## Introduction

Chapter 4 introduces statistical inference with regression. The following examples help illustrate a number of principles that were discussed. Follow all instructions to complete Chapter 4.

## Statistical Inference

1. Download the GSS_reduced_example.csv data set. Turns out that it is already saved for you in an R object in the educ7610 package. We can install this package (since it is on GitHub and not CRAN) with some wizardry.
# Run if you haven't installed remotes:
#   install.packages("remotes")
remotes::install_github("tysonstanley/educ7610")
1. Open RStudio, start a new R script or RMarkdown document.
2. Load the tidyverse package (you can ignore the notes that you see below that it gives you once you load it) and the furniture package.
library(tidyverse)
library(furniture)
library(educ7610)
1. Import it into R.
data(gss)
1. Use a simple regression model to assess the effect of the number of years of education (educ) on income (income06). Using summary() obtain the F-statistic of the model with it’s accompanying p-value, as well as the standard error, t-value, and p-value of the estimate itself.
gss %>%
lm(income06 ~ educ,
data = .) %>%
summary()
##
## Call:
## lm(formula = income06 ~ educ, data = .)
##
## Residuals:
##     Min      1Q  Median      3Q     Max
## -378667  -30013  -10390   20363  121117
##
## Coefficients:
##             Estimate Std. Error t value Pr(>|t|)
## (Intercept)   1741.9     3789.5    0.46    0.646
## educ          4126.8      270.4   15.26   <2e-16 ***
## ---
## Signif. codes:  0 '***' 0.001 '**' 0.01 '*' 0.05 '.' 0.1 ' ' 1
##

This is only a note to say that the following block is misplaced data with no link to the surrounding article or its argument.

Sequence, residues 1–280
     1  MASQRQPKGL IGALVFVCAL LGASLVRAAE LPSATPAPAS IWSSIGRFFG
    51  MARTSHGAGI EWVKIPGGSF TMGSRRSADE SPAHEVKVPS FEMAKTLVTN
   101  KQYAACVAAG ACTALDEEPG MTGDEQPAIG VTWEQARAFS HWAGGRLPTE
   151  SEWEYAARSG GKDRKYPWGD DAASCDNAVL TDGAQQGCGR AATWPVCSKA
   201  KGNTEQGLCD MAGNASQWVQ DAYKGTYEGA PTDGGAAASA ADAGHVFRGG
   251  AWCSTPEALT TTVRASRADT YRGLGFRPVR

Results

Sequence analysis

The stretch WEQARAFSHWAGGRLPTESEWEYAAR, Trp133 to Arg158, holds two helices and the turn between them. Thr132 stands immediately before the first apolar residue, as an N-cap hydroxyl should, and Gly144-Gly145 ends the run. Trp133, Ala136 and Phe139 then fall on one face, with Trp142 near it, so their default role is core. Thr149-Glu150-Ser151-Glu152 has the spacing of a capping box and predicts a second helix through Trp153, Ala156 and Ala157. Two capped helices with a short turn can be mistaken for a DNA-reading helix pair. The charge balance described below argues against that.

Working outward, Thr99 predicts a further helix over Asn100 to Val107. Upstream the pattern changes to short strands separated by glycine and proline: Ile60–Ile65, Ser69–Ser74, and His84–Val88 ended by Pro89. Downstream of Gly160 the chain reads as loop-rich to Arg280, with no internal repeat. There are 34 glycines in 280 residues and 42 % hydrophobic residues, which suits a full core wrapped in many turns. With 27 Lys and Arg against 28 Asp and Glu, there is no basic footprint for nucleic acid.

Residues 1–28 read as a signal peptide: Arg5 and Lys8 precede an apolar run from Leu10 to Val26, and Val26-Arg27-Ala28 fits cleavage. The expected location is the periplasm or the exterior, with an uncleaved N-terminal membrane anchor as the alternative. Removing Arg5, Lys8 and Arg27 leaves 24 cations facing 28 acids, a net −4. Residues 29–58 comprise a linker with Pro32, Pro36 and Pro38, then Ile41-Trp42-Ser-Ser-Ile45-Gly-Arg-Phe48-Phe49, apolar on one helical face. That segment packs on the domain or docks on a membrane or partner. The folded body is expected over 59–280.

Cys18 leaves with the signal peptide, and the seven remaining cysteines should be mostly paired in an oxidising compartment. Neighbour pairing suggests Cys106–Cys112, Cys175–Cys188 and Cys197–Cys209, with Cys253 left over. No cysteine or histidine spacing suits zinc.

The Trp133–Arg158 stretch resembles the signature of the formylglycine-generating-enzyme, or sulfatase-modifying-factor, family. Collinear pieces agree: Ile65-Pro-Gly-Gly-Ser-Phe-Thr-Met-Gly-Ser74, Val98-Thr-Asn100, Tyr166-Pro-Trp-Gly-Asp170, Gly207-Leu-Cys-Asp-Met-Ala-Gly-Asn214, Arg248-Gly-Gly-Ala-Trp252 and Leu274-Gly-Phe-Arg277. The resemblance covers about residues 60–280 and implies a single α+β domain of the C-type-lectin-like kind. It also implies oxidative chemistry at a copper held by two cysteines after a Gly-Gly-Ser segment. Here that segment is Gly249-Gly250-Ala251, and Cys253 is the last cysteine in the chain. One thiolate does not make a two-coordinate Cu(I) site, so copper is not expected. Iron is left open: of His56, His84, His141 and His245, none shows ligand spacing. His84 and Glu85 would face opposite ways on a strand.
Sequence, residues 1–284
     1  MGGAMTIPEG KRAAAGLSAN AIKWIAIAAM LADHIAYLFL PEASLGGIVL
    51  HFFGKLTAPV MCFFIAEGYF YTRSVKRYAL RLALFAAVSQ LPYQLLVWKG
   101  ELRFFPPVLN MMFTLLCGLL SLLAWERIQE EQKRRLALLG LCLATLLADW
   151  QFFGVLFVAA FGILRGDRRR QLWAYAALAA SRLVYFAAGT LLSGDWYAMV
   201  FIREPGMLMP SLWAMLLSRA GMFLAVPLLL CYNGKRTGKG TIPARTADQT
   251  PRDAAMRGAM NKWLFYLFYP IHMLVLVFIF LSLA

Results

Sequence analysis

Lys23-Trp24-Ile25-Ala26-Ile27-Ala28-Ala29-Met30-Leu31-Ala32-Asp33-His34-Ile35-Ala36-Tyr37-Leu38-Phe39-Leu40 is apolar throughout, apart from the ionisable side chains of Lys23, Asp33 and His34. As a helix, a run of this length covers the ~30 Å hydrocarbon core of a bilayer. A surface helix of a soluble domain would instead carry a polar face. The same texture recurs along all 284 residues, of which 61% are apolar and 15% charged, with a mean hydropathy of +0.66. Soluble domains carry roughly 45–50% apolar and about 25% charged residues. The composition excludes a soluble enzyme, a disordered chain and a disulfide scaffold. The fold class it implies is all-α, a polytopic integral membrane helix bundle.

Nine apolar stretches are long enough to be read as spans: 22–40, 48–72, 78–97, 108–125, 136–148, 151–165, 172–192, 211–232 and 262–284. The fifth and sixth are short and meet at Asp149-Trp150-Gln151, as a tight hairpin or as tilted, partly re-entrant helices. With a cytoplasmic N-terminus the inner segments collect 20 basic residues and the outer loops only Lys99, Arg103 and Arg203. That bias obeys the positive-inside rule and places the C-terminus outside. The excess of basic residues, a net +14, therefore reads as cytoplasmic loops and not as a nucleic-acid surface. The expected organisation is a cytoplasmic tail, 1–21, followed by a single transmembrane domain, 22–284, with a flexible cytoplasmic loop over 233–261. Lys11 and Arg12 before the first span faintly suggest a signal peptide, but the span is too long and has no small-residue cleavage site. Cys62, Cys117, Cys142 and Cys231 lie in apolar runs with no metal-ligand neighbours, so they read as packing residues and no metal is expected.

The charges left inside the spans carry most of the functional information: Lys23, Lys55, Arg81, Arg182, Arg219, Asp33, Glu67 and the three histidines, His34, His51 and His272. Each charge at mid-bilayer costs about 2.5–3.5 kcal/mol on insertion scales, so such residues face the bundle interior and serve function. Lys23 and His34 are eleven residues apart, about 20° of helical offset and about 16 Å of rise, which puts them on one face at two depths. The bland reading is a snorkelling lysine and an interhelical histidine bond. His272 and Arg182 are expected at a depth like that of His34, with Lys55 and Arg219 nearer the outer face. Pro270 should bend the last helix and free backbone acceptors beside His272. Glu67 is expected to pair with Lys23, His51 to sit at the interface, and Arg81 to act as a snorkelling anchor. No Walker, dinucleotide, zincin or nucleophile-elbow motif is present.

## Residual standard error: 41520 on 1772 degrees of freedom
##   (249 observations deleted due to missingness)
## Multiple R-squared:  0.1162, Adjusted R-squared:  0.1157
## F-statistic:   233 on 1 and 1772 DF,  p-value: < 2.2e-16
1. This output gives you the estimate, the standard error of the estimate, the t-value of the estimate, and the p-value of the estimate (where the null is that there is no relationship). Is the relationship statistically significant at the $$\alpha = .05$$ level?
2. From that same output above, we see a lot more information. What pieces do you recognize? Which pieces are confusing?
3. Let’s run a multiple regression with years of education (educ) on income (income06) while controlling for home population (hompop) and age (age).
gss %>%
lm(income06 ~ educ + hompop + age,
data = .) %>%
summary()
##
## Call:
## lm(formula = income06 ~ educ + hompop + age, data = .)
##
## Residuals:
##     Min      1Q  Median      3Q     Max
## -398142  -27672   -8912   19800  121471
##
## Coefficients:
##              Estimate Std. Error t value Pr(>|t|)
## (Intercept) -33491.96    5460.46  -6.134 1.06e-09 ***
## educ          4319.85     261.73  16.505  < 2e-16 ***
## hompop        8222.59     724.41  11.351  < 2e-16 ***
## age            251.22      59.52   4.221 2.56e-05 ***
## ---
## Signif. codes:  0 '***' 0.001 '**' 0.01 '*' 0.05 '.' 0.1 ' ' 1
##
## Residual standard error: 40110 on 1770 degrees of freedom
##   (249 observations deleted due to missingness)
## Multiple R-squared:  0.1762, Adjusted R-squared:  0.1748
## F-statistic: 126.2 on 3 and 1770 DF,  p-value: < 2.2e-16
1. How is the effect of education interpreted in this case? Is it statistically significant?
2. Let’s compare this to the regression value after we standardize both variables with scale(). We first have to grab just the complete cases of the variables first.
gss %>%
filter(complete.cases(income06, educ, hompop, age)) %>%
mutate(incomeZ = scale(income06) %>% as.numeric,
educZ   = scale(educ) %>% as.numeric,
hompopZ = scale(hompop) %>% as.numeric,
ageZ    = scale(age) %>% as.numeric) %>%
lm(incomeZ ~ educZ + hompopZ + ageZ,
data = .) %>%
summary()
##
## Call: